China is currently the world’s biggest miner of gold, while Canada, Russia, and Peru are also major producers.
In terms of companies, Barrick Gold’s majority-owned Nevada Gold Mines is the single largest gold-mining complex in the world, producing about 3.5 million ounces a year.
Though new gold mines are still being found, discoveries of large deposits are becoming increasingly rare, experts say.
As a result, most gold production currently comes from older mines that have been in use for decades.
Harder to mine?
Large-scale mining is extremely capital-intensive, employing lots of machinery and expertise to mine vast areas on and below the surface.
Today, around 60% of the world’s mining operations are surface mines, while the remainder are underground ones.
“Mining is getting harder in the sense that many of the large, low-cost mines, and older ones such as in South Africa, are nearing exhaustion,” adds Mr Norman.
“Chinese gold mines, on the other hand, are much smaller, and therefore have higher costs.”
There are relatively few unexplored regions left for gold-mining, although possibly the most promising are in some of the more unstable parts of the world, such as in West Africa.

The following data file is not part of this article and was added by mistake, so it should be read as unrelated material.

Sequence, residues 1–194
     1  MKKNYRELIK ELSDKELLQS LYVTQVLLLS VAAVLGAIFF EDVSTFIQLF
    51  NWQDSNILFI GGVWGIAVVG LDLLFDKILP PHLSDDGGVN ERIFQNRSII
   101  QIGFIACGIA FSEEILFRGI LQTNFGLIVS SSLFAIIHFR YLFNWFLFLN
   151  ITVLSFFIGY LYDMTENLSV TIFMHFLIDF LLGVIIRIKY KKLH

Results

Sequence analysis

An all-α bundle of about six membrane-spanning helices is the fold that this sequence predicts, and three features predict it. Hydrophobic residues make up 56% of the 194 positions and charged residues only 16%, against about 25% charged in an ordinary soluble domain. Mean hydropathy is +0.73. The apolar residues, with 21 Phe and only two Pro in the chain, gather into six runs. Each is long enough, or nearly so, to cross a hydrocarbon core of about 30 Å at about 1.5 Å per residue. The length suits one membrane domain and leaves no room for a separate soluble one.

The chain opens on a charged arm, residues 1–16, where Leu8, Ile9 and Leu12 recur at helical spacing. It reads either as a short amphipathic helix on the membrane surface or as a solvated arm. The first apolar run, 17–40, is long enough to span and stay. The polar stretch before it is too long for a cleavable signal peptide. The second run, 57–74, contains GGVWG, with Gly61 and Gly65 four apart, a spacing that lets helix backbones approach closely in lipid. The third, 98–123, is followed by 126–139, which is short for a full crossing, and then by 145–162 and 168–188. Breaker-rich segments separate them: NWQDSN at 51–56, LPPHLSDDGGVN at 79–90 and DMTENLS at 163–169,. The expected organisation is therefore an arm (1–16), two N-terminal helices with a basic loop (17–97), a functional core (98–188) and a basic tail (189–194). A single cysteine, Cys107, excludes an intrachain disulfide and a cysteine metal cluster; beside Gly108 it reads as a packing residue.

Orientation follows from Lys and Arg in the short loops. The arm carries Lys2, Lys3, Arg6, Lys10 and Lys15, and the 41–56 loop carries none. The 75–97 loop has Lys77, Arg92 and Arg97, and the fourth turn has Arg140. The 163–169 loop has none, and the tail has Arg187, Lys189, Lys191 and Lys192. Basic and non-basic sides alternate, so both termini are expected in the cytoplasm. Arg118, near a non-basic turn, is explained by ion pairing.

Although gold prices hit a record high in August, this doesn’t automatically translate into a rise in gold mining activity.
In fact, changes in gold mine production often lag changes in the gold price very significantly.
“Given the scale of operations involved, it takes time to alter mine plans in response to changes in external factors, such as the price of gold,” adds Ms Brandstaetter.
Also, the record prices have happened during Covid-19 restrictions, making it harder to mine, as sites were closed or partially shutdown to curb the spread of the virus.
Price rises have actually been driven by the pandemic as investors view gold as a safer asset in times of economic uncertainty.
While gold in the ground may be hard to quantify, it’s not the only source. There is also gold on the moon.
However, the costs associated with mining it and transporting it back to earth are significantly higher than the value of the gold.
“Whilst it exists, it would never be economically meaningful to mine it,” says space expert Sinead O’Sullivan. “You would lose an infinitely larger amount of money mining it than you would gain by selling it.”
Similarly, there are some known gold deposits in Antarctica that may never be economical to mine, due to the continent’s extreme weather conditions.
Gold is also scattered along the ocean floor, but is also considered uneconomic to mine.
One factor gold has on its side though is that, unlike other non-renewable resources like oil, it can be recycled. So we will never run out of gold, even when we can no longer mine it.
A large amount of gold is used in electronic products that are widely viewed as disposable, such as mobile phones. The amount of gold in the average phone is worth a few pounds.
Efforts to recycle gold extracted from electronic waste are already well under way.